I read with unflagging
interest and rising gore your fascinating and wrongheaded editorial
in USA Today, dated Thursday, April 19, 2001 under the headline
"Remorseless McVeigh Clearly is Guilty - So Let Him Live". I can't
recall an editorial that so embodied the dingbat philosophy of the
anti-death penalty lobby while simultaneously presenting itself
in a spirit of true justice. Truly, sir, I am in awe.
Allow me to summarize
First, you begin
by clearly stating that McVeigh is guilty, that he is remorseless,
and that he has gotten a fair trial under our justice system. You
then proceed with a six-point argument against visiting the death
penalty upon McVeigh, claiming that he is no longer a threat; that
we shouldn't kill him because it's exactly what he wants us to do;
that his death will have no deterrent effect, and will actually
make him a martyr; that we don't need to kill him now that he isn't
a threat because that will make us like him; and finally, that if
we kill him we may never know of his accomplices. You finish your
piece by presenting the reader with a very satisfying picture: of
Tim McVeigh spending his long life in a dark hole, forgotten, relegated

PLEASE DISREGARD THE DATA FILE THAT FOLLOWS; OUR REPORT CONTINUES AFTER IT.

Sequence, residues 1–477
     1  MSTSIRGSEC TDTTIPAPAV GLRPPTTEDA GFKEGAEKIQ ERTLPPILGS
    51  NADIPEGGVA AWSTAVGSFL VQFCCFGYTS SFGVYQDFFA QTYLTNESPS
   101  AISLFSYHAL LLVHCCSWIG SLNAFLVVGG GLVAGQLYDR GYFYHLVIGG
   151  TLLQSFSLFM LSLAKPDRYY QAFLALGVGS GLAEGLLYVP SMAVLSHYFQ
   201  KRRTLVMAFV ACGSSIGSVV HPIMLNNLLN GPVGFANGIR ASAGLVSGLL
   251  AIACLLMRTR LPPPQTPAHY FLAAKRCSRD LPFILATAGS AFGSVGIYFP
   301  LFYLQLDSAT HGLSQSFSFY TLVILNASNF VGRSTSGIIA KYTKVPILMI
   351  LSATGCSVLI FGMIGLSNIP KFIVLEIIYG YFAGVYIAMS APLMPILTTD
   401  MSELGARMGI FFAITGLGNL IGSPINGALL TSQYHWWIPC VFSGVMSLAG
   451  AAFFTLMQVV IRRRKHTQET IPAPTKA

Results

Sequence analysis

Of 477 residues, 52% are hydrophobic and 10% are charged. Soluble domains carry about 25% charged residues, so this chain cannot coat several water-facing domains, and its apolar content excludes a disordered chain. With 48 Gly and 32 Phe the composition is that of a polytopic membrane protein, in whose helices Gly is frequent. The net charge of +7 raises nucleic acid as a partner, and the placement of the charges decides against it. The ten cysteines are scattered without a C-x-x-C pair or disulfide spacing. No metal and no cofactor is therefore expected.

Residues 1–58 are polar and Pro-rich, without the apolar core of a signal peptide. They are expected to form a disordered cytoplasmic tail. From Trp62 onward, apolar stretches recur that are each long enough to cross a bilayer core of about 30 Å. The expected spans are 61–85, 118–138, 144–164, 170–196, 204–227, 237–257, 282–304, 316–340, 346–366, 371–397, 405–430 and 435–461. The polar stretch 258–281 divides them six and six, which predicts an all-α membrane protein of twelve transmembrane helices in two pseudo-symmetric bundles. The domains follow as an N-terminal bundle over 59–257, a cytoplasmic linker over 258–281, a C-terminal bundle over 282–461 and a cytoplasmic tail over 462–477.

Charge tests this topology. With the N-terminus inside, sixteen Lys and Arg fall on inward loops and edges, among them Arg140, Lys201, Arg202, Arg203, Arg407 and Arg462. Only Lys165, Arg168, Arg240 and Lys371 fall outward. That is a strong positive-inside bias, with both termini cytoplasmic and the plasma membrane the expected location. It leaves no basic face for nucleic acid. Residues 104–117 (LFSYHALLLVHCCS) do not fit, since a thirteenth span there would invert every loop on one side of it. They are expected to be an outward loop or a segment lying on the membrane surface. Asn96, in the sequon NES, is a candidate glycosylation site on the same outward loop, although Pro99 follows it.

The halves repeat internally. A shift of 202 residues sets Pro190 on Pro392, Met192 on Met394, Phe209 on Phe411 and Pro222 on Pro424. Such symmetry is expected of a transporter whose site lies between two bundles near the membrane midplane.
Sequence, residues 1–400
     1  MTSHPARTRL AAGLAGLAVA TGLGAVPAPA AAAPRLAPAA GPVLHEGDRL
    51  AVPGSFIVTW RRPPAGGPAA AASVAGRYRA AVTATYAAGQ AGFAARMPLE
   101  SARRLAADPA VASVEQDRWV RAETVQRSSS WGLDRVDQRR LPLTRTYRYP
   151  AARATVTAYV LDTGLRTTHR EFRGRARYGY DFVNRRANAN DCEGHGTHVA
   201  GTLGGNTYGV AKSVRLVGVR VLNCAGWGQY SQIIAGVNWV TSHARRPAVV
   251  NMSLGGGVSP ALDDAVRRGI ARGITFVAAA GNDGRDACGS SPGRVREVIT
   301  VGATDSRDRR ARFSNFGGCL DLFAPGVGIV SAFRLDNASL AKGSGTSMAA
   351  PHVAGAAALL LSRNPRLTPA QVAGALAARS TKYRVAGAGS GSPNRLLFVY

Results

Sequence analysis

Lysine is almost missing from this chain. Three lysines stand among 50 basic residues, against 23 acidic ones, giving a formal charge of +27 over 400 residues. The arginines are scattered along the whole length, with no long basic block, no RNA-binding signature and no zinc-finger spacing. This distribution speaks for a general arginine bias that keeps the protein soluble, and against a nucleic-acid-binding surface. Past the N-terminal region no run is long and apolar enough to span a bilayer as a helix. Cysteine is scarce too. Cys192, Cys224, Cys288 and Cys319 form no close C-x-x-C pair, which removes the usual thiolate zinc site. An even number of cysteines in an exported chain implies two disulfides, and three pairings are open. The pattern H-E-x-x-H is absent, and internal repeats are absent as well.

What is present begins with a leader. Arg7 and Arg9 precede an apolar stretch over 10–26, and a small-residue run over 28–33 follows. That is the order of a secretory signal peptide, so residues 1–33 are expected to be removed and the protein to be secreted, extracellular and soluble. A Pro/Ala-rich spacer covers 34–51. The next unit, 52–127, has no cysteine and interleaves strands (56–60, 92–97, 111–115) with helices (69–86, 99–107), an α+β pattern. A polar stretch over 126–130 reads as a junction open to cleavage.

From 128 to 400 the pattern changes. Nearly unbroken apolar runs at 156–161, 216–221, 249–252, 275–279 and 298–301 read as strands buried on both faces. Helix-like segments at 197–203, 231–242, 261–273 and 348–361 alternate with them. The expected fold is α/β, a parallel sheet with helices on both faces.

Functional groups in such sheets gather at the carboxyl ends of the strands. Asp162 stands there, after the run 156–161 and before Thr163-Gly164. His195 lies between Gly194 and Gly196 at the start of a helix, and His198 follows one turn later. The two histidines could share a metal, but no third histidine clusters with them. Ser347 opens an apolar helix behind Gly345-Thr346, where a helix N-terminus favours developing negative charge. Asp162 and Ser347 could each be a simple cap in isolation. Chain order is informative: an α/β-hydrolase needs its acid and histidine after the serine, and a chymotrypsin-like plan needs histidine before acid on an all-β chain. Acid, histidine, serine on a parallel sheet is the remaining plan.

to madness and the trash heap of history, rather than as the defiant
young man sentenced to death.
Fool. To my mind,
the only argument here that makes an iota of sense is this final
one - that McVeigh's accomplices may go free. But I will return
to this part of the discussion later.
Let's start with
the first argument - "we don't need to kill him now, since he isn't
a threat anymore, and if we do kill him then we're no better than
he is." You're wrong. You're wrong because we're right to kill him.
McVeigh's death is a punishment, and a considerably more gentle
punishment than the murder he committed against 168 innocent men,
women and children. McVeigh earned his death sentence just as certainly
as his victims didn't. We, as a society, are not brought down to
his level by executing him. We are elevated as a whole by finding
the strength to remove him permanently from our midst. The Good
and the Innocent must not tolerate the Evil. To do so, for any stupid
and insipid sentimentality is to allow ourselves to rot from within.
I also disagree
with your claim that McVeigh isn't a threat anymore since he is
in custody. The world is full of criminals who were, at one time,
in custody - and yet they continue to commit crimes, some of them
walking free, some of them against fellow inmates. Remember: Hitler
did time for trying to start a revolution before he ever succeeded.
Remember also: that's exactly what Timothy McVeigh hoped to accomplish
- a revolution. And had the Germans treated his treason with the
same justice we will mete out in this case, World War Two might
have been averted. Are you really claiming an ability to predict
the future? There's only one way to guarantee McVeigh will have
no voice. Silence him. Permanently.
that execution "fits into his plan" is shaky, at best. His plan